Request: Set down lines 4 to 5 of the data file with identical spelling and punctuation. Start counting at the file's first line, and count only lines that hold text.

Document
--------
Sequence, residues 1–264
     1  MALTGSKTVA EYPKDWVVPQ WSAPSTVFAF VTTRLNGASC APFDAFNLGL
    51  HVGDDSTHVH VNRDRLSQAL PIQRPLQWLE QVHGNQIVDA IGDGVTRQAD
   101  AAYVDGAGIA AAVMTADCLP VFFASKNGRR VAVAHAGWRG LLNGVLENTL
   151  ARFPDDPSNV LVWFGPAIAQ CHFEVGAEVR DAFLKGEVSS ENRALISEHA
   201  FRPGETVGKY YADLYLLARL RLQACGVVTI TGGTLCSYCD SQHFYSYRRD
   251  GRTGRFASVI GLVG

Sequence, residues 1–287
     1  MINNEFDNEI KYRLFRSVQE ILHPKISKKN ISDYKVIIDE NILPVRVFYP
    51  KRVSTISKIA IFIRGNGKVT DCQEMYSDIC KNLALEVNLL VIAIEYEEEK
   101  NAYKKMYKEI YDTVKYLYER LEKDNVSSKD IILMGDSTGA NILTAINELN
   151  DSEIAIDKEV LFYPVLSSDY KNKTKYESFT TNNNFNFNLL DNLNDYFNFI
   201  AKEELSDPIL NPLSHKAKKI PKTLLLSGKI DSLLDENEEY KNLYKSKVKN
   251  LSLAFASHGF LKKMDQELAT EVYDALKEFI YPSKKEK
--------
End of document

   101  AAYVDGAGIA AAVMTADCLP VFFASKNGRR VAVAHAGWRG LLNGVLENTL
   151  ARFPDDPSNV LVWFGPAIAQ CHFEVGAEVR DAFLKGEVSS ENRALISEHA